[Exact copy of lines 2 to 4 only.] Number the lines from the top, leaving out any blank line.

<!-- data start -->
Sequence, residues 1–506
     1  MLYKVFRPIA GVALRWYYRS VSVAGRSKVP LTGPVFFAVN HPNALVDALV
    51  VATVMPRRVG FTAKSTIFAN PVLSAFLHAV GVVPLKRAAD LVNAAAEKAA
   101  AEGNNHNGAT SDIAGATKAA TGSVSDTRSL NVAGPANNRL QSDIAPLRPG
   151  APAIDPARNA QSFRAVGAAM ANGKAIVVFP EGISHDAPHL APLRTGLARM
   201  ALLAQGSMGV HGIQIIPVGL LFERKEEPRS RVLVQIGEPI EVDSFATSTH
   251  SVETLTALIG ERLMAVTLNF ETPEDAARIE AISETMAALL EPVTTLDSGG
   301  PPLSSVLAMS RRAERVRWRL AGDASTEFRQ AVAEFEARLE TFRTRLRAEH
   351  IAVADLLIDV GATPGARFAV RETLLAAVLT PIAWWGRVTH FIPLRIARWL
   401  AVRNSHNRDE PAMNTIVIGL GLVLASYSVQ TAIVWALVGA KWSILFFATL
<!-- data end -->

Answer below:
     1  MLYKVFRPIA GVALRWYYRS VSVAGRSKVP LTGPVFFAVN HPNALVDALV
    51  VATVMPRRVG FTAKSTIFAN PVLSAFLHAV GVVPLKRAAD LVNAAAEKAA
   101  AEGNNHNGAT SDIAGATKAA TGSVSDTRSL NVAGPANNRL QSDIAPLRPG